Warp 10 can be connected to many external data sources. Learn how WarpScript can interact with QuestDB thanks to its JDBC extension.
QuestDB is a database that is primarily built for time series. You can query it using a variant of SQL, augmented for manipulating time-series. In a way, it is very similar to TimeScaleDB. On the opposite, Warp 10 takes a very different approach, using WarpScript to fetch and manipulate time series, which does not look like SQL at all.
So is it possible to get the best of the two worlds, using QuestDB for storage and fetching, and WarpScript for time series manipulation?
Good news, everyone! It is!
Here Comes JDBC
We can use JDBC to connect to QuestDB, that’s one of the advantages of being SQL-compliant. On the Warp 10 side, will we need the JDBC WarpScript Extension to be able to connect to QuestDB through JDBC.
In the following, I will deploy QuestDB and Warp 10 using Docker for the sake of simplicity, and for you to be able to reproduce the results.
For the QuestDB part, simply run:
docker run -p 9000:9000 -p 8812:8812 questdb/questdb
For the Warp 10, it will be less easy because we need to set up the JDBC extension. First, we have to start the container with a volume, here on
/tmp, to be able to add jars and change the configuration. We also need the container to have access to QuestDB on the host, we do that with
--network="host" on Linux:
docker run --network="host" -d -v /tmp/warp10:/data --name=warp10 warp10io/warp10:2.7.0
Then, we need to add the extension using the WarpFleet CLI. See this blog post to see how to install it. You can then run:
wf g -w /tmp/warp10/warp10 io.warp10 warp10-ext-jdbc
QuestDB recommends using the official Postgres JDBC driver, so we add it to the jars loaded by Warp 10:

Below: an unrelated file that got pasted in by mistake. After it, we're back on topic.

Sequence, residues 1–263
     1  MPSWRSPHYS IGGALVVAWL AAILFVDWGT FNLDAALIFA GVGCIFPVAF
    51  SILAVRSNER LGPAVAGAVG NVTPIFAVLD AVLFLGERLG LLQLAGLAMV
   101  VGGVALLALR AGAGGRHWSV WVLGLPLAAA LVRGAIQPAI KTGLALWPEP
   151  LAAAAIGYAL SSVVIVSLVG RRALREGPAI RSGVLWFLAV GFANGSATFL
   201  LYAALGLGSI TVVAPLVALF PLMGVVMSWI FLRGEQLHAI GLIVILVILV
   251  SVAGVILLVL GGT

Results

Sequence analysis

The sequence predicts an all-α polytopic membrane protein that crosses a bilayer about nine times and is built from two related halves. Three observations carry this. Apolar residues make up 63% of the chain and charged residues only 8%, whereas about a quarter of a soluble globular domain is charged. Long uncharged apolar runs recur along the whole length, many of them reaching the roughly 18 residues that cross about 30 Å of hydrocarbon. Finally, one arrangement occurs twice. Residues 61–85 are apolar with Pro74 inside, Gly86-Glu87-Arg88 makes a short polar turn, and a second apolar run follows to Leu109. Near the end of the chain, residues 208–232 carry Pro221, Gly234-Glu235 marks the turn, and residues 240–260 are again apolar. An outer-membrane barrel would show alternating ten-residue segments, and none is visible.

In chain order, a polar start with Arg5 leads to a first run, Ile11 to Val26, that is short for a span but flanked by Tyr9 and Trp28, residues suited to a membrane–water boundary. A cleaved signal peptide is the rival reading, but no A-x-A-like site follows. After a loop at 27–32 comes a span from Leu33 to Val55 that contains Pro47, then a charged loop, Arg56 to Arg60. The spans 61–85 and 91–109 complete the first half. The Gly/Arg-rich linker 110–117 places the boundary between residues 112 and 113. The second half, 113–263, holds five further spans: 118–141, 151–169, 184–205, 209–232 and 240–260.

wget https://jdbc.postgresql.org/download/postgresql-42.2.14.jar -P /tmp/warp10/warp10/lib
Almost done, we now have to configure Warp 10 to load the JDBC extension and use the Postgres driver:
echo " warpscript.extension.jdbc = io.warp10.script.ext.jdbc.JDBCWarpScriptExtension jdbc.driver.postgres = org.postgresql.Driver" >> /tmp/warp10/warp10/etc/conf.d/70--extensions.conf
We will also need to increase the limits for the last script, at the end of this post:
echo " warpscript.maxops = 100000 warpscript.maxops.hard = 2000000" >> /tmp/warp10/warp10/etc/conf.d/20-warpscript.conf
Finally, restart the
warp10 container to load the extension:
docker restart warp10
We now have two Dockers containers, one running QuestDB and the other running Warp 10, ready to communicate with QuestDB.
curl -G http://localhost:9000/exec --data-urlencode \ "query=CREATE TABLE trips(pickupDatetime timestamp, \ dropoffDatetime timestamp, passengerCount int, tripDistance double, \ fareAmount double, tipAmount double, taxesAndTolls double, totalAmount double) \ timestamp(pickupDatetime);" curl -i -F email@example.com \ "http://localhost:9000/imp?\ name=trips&forceHeaders=true&overwrite=false×tamp=pickupDatetime"
You can check if the data has been correctly imported with
curl -G http://localhost:9000/exec --data-urlencode \ "query=select pickupDatetime, avg(tripDistance) from trips timestamp(pickupDatetime) sample by 7d;"
It should spit out the result with a
count of 549.
Great! Now time to do the query in Warp 10. You can open WarpStudio or VSCode and paste the following code:
You should see the raw result of the query almost exactly what you got using the cURL. Note that while in the cURL result, timestamps are expressed as ISO8601, in WarpScript they are expressed in time units (by default microseconds) since Unix epoch.